The ARGOS airborne optical system of the German Aerospace Center (Deutsches Zentrum für Luft- und Raumfahrt; DLR) acquires aerial images and delivers them in near-real-time to a ground station. Typical applications include traffic and disaster management, for example during major events.
The system is based at Remote Sensing Technology Institute (IMF) in Oberpfaffenhofen. Working in near real-time, ARGOS takes aerial photographs, processes and evaluates them immediately, and transmits them to a mobile ground station. Maps and other large-scale products generated from aerial images are then distributed to end users within seconds.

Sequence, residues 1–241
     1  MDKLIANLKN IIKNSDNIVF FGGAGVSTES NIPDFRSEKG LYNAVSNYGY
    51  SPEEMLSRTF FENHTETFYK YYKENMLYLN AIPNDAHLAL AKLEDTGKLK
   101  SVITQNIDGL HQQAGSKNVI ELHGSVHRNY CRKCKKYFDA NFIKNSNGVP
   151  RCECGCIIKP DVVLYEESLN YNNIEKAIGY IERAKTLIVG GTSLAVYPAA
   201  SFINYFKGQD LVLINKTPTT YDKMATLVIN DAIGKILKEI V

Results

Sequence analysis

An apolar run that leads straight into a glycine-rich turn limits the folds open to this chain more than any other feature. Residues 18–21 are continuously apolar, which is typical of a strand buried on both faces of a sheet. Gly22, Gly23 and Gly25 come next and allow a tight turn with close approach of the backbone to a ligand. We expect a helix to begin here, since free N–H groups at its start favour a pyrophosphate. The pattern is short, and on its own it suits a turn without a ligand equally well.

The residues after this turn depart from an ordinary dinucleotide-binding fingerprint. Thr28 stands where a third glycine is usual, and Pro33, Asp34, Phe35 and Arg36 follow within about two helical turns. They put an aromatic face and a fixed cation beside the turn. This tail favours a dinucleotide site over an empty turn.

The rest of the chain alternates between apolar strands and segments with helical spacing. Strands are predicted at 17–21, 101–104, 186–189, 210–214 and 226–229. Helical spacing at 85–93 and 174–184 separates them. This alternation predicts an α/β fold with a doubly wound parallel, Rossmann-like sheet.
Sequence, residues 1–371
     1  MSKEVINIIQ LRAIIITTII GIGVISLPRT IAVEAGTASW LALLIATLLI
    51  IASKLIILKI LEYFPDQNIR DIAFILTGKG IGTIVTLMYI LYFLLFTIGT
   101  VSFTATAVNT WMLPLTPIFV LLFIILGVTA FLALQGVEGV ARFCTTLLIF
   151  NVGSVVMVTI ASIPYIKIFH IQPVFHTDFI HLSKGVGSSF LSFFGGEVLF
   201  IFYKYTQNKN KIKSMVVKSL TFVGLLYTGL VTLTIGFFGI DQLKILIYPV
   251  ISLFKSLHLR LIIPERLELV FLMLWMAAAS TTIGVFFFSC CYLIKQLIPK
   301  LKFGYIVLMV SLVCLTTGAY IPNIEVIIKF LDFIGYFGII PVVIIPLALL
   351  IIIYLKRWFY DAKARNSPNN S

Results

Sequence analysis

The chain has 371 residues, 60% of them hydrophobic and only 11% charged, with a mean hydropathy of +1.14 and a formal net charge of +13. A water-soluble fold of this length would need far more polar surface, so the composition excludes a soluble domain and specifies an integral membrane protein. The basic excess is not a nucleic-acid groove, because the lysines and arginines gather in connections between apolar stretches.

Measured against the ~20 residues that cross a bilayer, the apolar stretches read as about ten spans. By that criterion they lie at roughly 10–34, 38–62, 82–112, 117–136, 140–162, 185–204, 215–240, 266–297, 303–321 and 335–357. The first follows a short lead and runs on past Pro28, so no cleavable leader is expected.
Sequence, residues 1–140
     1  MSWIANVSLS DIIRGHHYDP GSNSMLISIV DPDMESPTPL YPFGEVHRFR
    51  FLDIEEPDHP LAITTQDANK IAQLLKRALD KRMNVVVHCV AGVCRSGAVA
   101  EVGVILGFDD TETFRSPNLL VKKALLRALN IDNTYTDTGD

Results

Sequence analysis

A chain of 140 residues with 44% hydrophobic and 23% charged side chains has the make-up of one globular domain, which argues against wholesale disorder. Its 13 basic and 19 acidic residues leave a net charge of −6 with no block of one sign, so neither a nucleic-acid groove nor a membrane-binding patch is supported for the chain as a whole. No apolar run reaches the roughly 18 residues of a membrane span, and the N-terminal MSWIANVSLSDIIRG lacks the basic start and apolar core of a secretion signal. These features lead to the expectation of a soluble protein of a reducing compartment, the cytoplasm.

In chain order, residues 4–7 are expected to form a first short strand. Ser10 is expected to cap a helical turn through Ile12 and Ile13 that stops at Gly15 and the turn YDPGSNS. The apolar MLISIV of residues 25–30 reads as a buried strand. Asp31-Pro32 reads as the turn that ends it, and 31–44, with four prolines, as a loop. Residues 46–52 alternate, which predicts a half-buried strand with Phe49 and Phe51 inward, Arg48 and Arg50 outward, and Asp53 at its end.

Aerial images sent to the ground instantly
ARGOS may be used, for example, to capture data relating to people and traffic. In such cases, people or vehicles – including their speed and direction of travel – are automatically detected in aerial images within seconds. The results, are sent to the ground station and made available for further situational analysis.
In addition, three-dimensional terrain elevations are captured in real time using high-resolution aerial images. The facility deploys different DLR aircraft for this task, including fixed-wing aircraft like the Cessna Grand Caravan or Dornier 228, and the BO105 and EC135 helicopters.
The technology has a wide range of applications, from traffic and disaster management to security tasks or applications in the automotive industry. Generally speaking, ARGOS is ideal for situations that require higher resolution images of the Earth's surface than can be obtained by satellites. The system has already been used for this very purpose, acquiring reference datasets in connection with satellite missions.